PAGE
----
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Hoffmann, R. A wiki for the life sciences where authorship matters. Nature Genetics (2008)

The S49 Kin- cell line transcribes and translates a functional mRNA coding for the catalytic subunit of cAMP-dependent protein kinase.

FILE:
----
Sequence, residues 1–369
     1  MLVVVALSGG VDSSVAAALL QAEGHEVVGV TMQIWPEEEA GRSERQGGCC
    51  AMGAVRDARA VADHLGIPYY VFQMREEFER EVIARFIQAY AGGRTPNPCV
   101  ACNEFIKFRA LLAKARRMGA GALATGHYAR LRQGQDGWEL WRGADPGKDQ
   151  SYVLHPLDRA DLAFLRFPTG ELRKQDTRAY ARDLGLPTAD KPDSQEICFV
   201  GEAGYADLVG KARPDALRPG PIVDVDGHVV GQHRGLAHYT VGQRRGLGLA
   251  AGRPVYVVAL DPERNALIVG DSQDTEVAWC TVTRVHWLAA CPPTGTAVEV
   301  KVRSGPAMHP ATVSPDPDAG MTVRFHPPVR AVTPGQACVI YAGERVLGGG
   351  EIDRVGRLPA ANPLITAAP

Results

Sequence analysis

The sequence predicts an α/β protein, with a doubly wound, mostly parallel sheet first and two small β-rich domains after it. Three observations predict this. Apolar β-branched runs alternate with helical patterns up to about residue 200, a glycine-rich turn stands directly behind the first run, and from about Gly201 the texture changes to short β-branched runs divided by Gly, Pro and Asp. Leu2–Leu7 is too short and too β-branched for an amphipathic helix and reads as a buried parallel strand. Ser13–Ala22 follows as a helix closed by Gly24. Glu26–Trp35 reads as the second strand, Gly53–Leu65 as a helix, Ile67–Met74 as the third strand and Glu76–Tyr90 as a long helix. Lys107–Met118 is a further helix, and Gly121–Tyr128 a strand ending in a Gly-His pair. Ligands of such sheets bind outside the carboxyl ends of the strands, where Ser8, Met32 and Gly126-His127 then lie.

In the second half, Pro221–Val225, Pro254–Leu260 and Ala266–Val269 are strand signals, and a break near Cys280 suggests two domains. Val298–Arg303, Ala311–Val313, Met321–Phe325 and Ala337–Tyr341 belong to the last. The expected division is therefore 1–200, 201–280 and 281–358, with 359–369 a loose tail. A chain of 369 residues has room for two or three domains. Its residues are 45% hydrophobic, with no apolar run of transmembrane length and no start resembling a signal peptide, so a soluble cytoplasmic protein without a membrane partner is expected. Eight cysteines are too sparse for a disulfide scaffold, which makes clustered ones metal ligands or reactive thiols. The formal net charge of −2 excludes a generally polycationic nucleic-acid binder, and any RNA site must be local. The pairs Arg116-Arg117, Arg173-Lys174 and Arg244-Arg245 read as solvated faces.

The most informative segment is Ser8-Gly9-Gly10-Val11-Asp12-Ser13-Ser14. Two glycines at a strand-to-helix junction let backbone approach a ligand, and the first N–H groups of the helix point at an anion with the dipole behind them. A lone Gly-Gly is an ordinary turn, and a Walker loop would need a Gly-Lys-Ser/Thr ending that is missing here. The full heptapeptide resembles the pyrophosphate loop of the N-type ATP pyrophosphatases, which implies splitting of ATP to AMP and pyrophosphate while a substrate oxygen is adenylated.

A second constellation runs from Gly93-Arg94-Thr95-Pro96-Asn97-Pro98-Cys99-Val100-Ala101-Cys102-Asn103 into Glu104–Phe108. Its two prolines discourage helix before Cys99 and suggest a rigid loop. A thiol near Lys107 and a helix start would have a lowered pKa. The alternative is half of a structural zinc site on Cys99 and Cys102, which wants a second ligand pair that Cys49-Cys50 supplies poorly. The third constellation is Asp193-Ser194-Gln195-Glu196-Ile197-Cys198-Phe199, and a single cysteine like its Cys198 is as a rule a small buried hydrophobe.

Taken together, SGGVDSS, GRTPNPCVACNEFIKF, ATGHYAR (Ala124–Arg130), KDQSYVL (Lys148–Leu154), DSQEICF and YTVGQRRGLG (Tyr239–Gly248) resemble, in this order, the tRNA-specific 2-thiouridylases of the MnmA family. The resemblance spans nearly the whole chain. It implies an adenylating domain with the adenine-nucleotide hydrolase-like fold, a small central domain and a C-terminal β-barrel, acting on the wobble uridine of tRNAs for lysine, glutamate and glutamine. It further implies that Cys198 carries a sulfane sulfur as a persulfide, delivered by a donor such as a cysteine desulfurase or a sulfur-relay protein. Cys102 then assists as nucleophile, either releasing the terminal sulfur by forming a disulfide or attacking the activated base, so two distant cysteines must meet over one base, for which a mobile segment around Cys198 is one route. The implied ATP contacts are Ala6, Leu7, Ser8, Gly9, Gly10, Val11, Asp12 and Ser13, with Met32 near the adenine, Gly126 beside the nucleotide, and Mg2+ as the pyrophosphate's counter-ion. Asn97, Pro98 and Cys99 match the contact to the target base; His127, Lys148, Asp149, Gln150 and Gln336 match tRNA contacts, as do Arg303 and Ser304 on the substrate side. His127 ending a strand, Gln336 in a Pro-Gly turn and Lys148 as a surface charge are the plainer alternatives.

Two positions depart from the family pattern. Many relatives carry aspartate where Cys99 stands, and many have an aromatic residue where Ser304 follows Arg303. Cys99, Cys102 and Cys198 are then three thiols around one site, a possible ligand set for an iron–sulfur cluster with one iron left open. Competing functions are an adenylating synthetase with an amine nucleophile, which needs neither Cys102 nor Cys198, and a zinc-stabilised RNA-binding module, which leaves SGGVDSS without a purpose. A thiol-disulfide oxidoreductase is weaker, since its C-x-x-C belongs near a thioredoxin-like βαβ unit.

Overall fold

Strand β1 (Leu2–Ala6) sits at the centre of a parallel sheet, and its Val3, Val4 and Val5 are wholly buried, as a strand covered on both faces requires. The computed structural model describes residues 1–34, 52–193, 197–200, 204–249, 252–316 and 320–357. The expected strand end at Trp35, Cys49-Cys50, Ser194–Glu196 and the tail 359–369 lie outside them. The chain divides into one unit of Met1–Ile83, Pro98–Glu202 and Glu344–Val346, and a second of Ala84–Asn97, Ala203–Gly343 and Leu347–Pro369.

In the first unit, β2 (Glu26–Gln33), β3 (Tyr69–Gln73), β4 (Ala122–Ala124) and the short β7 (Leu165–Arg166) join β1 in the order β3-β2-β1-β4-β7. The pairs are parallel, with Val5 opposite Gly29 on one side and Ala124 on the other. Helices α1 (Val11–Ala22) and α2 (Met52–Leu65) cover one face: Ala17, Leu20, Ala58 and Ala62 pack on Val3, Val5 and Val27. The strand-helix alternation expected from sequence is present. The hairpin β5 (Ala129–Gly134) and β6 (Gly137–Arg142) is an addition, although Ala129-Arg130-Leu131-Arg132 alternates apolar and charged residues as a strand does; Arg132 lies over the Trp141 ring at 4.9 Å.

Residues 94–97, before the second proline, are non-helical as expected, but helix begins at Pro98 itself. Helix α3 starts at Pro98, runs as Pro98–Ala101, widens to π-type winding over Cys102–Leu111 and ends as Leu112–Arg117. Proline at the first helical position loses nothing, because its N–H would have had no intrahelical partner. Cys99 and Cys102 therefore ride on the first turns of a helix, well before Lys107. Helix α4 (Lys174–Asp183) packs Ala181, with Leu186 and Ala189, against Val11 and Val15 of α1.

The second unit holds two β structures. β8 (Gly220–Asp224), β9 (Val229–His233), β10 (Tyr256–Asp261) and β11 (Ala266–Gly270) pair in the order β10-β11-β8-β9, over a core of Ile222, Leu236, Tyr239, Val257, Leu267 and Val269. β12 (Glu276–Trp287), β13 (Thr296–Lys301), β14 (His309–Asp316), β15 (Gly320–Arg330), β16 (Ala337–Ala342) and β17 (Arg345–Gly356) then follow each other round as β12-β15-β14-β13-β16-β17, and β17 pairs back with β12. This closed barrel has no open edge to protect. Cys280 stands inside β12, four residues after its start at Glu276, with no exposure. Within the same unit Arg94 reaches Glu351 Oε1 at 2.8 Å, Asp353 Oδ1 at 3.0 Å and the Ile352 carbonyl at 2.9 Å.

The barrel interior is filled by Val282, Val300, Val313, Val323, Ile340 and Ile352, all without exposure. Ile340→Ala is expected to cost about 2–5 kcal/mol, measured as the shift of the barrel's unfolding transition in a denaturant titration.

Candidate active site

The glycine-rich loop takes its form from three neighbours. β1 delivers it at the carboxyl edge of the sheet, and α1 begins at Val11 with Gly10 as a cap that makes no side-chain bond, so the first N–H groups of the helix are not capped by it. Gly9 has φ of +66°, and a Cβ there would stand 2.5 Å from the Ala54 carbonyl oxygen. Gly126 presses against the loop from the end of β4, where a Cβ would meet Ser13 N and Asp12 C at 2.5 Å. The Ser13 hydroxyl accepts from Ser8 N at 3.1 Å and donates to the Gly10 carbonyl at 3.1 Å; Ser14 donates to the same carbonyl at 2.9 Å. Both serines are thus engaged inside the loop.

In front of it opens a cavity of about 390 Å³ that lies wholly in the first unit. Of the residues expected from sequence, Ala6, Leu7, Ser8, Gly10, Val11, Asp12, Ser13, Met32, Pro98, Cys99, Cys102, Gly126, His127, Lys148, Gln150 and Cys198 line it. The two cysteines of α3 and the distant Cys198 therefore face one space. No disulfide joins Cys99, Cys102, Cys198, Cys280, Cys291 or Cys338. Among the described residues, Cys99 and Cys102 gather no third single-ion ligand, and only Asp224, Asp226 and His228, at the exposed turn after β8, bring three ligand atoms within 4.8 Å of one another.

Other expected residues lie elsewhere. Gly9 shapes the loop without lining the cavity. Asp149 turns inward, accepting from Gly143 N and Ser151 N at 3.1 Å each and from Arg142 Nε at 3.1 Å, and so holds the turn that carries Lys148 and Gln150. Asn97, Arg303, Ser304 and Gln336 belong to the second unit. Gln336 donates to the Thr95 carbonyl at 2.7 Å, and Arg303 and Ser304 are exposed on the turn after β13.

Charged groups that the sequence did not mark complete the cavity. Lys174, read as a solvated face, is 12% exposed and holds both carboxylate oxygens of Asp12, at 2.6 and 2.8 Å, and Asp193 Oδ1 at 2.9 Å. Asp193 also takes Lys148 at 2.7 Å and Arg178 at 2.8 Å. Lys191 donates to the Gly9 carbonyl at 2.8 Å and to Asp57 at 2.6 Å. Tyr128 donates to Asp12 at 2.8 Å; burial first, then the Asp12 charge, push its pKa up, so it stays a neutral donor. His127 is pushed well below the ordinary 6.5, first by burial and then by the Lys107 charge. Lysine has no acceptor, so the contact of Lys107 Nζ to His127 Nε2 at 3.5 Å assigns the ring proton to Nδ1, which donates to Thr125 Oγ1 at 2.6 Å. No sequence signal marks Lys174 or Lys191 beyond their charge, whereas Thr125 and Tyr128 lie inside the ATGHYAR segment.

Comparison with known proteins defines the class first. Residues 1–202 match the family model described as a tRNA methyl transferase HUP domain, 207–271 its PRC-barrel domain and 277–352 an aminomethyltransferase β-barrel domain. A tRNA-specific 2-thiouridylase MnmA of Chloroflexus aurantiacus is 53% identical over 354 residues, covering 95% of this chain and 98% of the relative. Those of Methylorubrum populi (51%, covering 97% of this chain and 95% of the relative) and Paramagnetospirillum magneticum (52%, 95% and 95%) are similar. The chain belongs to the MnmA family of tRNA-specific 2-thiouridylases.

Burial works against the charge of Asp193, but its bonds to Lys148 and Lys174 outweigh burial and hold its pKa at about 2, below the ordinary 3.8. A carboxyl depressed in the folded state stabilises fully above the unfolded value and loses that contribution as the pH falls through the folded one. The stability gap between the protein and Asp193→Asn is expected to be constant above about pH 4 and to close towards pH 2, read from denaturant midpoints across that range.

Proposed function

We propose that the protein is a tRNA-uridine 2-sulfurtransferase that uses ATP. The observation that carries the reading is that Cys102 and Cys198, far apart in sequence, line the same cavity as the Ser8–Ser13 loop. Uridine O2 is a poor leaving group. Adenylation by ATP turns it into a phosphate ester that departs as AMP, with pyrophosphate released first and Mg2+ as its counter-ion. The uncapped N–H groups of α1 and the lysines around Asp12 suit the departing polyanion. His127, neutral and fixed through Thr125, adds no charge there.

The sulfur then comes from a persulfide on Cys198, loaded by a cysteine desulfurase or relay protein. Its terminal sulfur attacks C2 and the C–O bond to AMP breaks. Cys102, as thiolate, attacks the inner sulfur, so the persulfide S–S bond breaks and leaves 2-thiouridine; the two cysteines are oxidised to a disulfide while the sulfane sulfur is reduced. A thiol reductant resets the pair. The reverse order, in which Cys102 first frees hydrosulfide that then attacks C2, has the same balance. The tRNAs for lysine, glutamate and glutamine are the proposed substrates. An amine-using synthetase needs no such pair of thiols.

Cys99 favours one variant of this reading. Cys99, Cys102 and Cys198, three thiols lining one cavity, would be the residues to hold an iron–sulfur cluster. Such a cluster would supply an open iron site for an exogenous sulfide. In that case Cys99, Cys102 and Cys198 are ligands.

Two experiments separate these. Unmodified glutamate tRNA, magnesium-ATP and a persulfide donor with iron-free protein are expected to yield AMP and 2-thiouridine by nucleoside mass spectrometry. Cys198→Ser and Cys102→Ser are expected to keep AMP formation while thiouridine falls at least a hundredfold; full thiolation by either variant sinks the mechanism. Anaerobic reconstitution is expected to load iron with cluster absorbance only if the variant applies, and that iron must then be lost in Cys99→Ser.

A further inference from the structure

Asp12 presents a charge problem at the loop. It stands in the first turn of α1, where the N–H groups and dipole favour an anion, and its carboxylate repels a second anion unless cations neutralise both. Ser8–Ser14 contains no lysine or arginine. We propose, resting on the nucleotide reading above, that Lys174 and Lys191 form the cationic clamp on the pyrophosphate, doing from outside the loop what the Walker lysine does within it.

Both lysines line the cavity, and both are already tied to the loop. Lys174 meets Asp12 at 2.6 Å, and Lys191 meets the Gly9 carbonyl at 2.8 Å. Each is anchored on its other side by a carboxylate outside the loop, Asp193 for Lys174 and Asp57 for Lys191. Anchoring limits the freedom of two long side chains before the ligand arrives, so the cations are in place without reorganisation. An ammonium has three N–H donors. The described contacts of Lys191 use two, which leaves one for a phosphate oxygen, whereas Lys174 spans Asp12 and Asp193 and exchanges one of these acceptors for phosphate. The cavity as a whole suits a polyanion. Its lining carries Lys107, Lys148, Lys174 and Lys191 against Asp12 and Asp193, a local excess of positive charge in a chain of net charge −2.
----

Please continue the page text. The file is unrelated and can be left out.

The S49 mouse lymphoma mutant cell line Kin- is resistant to the cytotoxic effects of elevated cAMP levels, has no detectable cAMP-dependent protein kinase activity, and has depressed levels of cAMP-binding regulatory subunits. We demonstrate that although the Kin- cell line lacks detectable catalytic subunit protein, these cells express wild-type levels of mRNA for both C alpha and C beta catalytic subunit isoforms. Translation of C alpha mRNA appears to be normal in the Kin- cell, based on the observation that C alpha mRNA associates with large polyribosomes in both wild-type and Kin- cells. We cloned the C alpha cDNA from Kin- cells and show that its transient expression in another cell type leads to activation of a cAMP-sensitive luciferase reporter gene, suggesting that functional C alpha protein is made. In addition to having catalytic activity, the C alpha subunit from Kin- cells is inhibited in the presence of mouse RI alpha regulatory subunit, indicating that formation of the holoenzyme complex is normal. We suggest that the mutation responsible for the Kin- phenotype is in a cellular component that directly or indirectly causes Kin- catalytic subunit protein to be degraded rapidly.[1]


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